Sky & Telescope's ASKAP Joins the Hunt for Mysterious Bursts says:
A new telescope, the Australian Square Kilometre Array Pathfinder (ASKAP), has joined the search for energetic and elusive fast radio bursts. And in just a few days of looking, it’s already had success!
Later on, the article goes into some detail about ASKAP:
A new player is now on the scene, however, and it’s already had huge success. ASKAP is a wide-field radio telescope made up of an array of 12-meter antennas. Using phased-array-feed technology, ASKAP is able to instantaneously observe an effective area of 160 square degrees — an enormous field compared to Parkes’ 0.6 square degrees! This capability significantly increases our chances of being able to detect fast radio bursts.
The article links to The Detection of an Extremely Bright Fast Radio Burst in a Phased Array Feed Survey which is not paywalled and contains some discussion of the array.
This sounds really interesting! It is a phased array of dishes, but at the focal plane of each dish there is also a phased array of receivers.
This is different than just adding an array of feed horns and independent receivers as I've discussed in my surprisingly robustly unanswered question What is the highest granularity focal-plane array on a dish radio telescope? Or is this the ONLY ONE? where receivers measure intensity as pixels, in a similar way to a camera (thus the counterintuitively placed
astrophotography tag there).
Here, each focal plane is equipped with a true phased array, where if I understand correctly, phase relationships between elements in the focal plane are maintained and recorded.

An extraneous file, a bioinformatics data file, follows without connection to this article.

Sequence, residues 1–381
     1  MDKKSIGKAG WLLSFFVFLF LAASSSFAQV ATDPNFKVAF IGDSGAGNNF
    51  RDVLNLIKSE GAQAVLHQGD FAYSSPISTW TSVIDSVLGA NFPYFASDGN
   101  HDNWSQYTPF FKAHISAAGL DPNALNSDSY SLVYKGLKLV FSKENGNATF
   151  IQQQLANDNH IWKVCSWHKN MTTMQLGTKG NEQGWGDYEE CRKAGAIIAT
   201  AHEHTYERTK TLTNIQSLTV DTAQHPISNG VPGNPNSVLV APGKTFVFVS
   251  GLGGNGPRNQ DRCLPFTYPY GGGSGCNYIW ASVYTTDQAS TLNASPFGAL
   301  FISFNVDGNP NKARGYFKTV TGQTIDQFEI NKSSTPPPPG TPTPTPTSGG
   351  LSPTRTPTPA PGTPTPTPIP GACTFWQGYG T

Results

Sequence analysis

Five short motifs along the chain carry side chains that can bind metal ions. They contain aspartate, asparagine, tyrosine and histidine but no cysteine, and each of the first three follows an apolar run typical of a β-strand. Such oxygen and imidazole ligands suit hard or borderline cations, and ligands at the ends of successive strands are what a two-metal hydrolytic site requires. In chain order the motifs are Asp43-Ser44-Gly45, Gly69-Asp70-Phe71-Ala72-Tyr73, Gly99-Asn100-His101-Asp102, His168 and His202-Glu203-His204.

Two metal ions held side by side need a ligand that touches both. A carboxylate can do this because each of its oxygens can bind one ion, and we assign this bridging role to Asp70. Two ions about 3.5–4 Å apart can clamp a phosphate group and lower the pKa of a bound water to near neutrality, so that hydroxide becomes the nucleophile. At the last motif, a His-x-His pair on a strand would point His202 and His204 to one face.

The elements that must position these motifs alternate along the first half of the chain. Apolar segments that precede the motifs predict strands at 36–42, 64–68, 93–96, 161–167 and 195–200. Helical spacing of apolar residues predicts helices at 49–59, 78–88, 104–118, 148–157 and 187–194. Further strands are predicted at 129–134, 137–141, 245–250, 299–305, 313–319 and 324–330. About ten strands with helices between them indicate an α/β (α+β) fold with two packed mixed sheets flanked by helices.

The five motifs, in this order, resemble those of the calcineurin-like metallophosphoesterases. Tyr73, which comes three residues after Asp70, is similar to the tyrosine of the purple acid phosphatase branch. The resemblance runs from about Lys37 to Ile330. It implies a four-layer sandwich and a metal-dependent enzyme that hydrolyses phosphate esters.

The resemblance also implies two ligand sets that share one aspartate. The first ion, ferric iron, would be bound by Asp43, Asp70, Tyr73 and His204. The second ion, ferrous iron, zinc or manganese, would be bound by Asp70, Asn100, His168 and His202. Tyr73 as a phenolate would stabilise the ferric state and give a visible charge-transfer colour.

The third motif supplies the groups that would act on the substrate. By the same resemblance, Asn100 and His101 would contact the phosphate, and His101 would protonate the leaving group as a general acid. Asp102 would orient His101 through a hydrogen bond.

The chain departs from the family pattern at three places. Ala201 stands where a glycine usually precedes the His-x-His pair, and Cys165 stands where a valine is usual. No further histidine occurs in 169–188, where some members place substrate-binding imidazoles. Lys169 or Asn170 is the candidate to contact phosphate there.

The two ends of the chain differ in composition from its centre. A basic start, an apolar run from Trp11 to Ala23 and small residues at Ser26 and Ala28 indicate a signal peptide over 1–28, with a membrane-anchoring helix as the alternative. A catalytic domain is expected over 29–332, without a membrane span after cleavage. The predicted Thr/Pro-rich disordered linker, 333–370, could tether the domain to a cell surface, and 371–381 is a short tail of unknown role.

According to Wikipedia's Australian Square Kilometre Array Pathfinder and CSIRO's Australian Square Kilometre Array Pathfinder – Fast Facts there are 36 separate 12-meter dishes in the entire array, and the focal plane of each dish is equipped with a 188 element focal-plane phased-array. 188 $\times$ 36 = 6768 channels, not counting polarizations because I don't know if they are separate channels in this case.
That would require quite a hefty correlater if the analysis was done flat, without any heierarchy in the calculation. This is a pathfinder for the SKA so pushing limits is important, but I'd like to know how this large number of signals is handled. Is there pre-processing?
Question: How do the phased array feeds on each dish of the ASKAP interact with the entire array phasing?
I'm not sure of the "focal plane array" is located precisely at the focal plane or not. If it were, then a given source in the sky would produce signals in only one, or a small group of receivers, and not the whole focal plane array! One normally uses a phased array instead of an imaging system so there must be something more interesting going on here, perhaps only nearest and next-nearest neighbor correlations within the focal plane array but full correlation between the dishes?
How does this thing really work?